Former women’s basketball star leaves lasting impression on GW and her home country

Media Credit: Courtsey of the Connecticut Sun

Connecticut Sun forward Jonquel Jones goes up for a shot in the lane. She was the highest-ever draft pick from GW in WNBA history.

As former women’s basketball star forward Jonquel Jones began her second WNBA season with the Connecticut Sun Saturday, her former GW teammate Caira Washington was just getting started in her professional career after completing training camp with the Washington Mystics.

The duo was among the most feared frontcourts in college basketball last season, and Washington said that Jones — the highest-ever draft pick out of GW — set a precedent for the rest of the program.

“[Seeing her get drafted] was such a fulfilling moment because I knew how hard she worked for that and what she had sacrificed to get there,” Washington said.

In the first game of Jones’ second year with the Sun, she scored eight points and a career-high 20 rebounds in 27 minutes of action Saturday – a jump from her average of 6.8 points and 3.7 rebounds during her first year.

As a Colonial, she won a pair of Atlantic 10 conference titles and made two consecutive NCAA appearances. Jones led the nation in rebounding her senior year with 14.6 boards per game and finished her career as one of just three players in program history with 1,000 points, 800 rebounds and 100 blocks.

Jones said she appreciated the relationships she formed with her teammates and coaches at GW and still values the experiences afforded to her during her three years on the team.

“I was able to cultivate a lot of friendships,” Jones said. “I just met so many different people that I still care about.”

When the Freeport, Bahamas native was selected as the sixth overall pick in the 2016 WNBA draft, she immediately thought about what her selection meant for not just GW, but her home country.

“Of course I was happy and excited, but I immediately thought about all the young girls back home in the Bahamas,” Jones said. “[Getting drafted] served as an example that night to all the little girls in my country that it’s possible, that they can realize their dreams.”

Serving as a role model for the youth of a small country can be exceedingly demanding. Jones said she can hardly walk the streets in the Bahamas anymore without being recognized, but it’s something she relishes.

“I definitely take that [role model] responsibility on,” Jones said. “I wasn’t just the highest pick of any player that had gone to GW, but also the highest draft pick from the Bahamas. So I’m happy to do it and put my best foot forward for my country.”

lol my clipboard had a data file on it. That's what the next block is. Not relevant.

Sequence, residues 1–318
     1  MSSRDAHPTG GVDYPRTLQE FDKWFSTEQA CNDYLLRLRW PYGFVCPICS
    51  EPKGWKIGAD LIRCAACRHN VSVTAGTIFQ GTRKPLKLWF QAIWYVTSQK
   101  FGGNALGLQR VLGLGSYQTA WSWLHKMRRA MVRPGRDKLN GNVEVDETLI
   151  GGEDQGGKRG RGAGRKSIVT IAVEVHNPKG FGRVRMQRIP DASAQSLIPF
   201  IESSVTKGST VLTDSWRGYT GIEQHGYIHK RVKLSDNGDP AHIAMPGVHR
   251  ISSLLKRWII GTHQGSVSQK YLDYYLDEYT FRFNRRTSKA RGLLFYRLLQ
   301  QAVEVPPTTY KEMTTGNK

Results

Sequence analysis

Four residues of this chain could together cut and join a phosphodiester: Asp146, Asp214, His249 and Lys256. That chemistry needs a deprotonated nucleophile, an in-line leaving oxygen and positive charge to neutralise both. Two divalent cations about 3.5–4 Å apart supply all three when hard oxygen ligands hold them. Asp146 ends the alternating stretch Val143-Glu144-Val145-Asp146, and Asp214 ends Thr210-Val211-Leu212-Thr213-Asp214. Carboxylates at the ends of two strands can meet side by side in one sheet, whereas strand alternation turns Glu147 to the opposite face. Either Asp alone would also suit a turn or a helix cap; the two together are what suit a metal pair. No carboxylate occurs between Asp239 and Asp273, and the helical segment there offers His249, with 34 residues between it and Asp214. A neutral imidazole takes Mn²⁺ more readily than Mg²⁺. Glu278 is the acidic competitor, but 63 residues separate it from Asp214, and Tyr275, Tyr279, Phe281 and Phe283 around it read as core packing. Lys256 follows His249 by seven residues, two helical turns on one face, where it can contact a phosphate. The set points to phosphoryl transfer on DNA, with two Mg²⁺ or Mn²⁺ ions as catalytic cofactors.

Jones has certainly taken a winding road on the way to her current spot as a forward for the Sun. Jones was a two-sport star as a child before choosing basketball over soccer and moving to the U.S., where she was a McDonald’s All-American nominee at Riverdale Baptist in Maryland.

Jones hit a bump in the road after her first year at Clemson, a program that was trending down and lacked competitiveness. It was then that former Colonials head coach Jonathan Tsipis first made an impression on Jones for his rigorous recruiting style and commitment to building the program.

“I could see the difference with what Tsipis was doing here and who he was recruiting. Not only athletically but academically,” Jones said. “GW is just a place where people go when they want to be successful.”

The 6-foot-6-inch forward has always possessed the ability to stretch the floor with her shooting touch and clog the lane with her length, but once at the WNBA level she said it was challenging at times for that to translate.

“The physicality is so much different [than in college],” Jones said. “Even though I have height I’m still a smaller post player, and that was something I struggled with. But you’re playing against the best in the world, and I think all rooks struggle in some form or fashion as part of the learning curve.”

Jones spent the offseason playing professionally in Korea, leading her Woori Bank team to the league title and earning the Foreign Most Valuable Player Award. But it was the cultural experience – and especially the cuisine – that she said she remembered most fondly.

“The food was amazing – I don’t think there was something that I tried that I didn’t like,” Jones said. “But the people are awesome, they actually reminded me of Bohemians because they want to take care of you and make sure you’re happy.”

The 13-hour time difference meant that the former GW star had few opportunities to watch the Colonials play, but that didn’t stop Jones from trying.

“I’d always try to catch a game in some way if I could,” Jones said. “I still talk to some of the girls on the team just to make sure they’re doing OK and staying motivated.”

Now, on the dawn of her second year, Jones can’t help but feel optimistic about the young core of her current team, which includes a nucleus of herself and fellow 2016 draft picks forward Morgan Tuck and guard Rachel Banham.

“We have so much energy and potential,” Jones said. “Even though we’re young, we think we’re capable of making the playoffs.”

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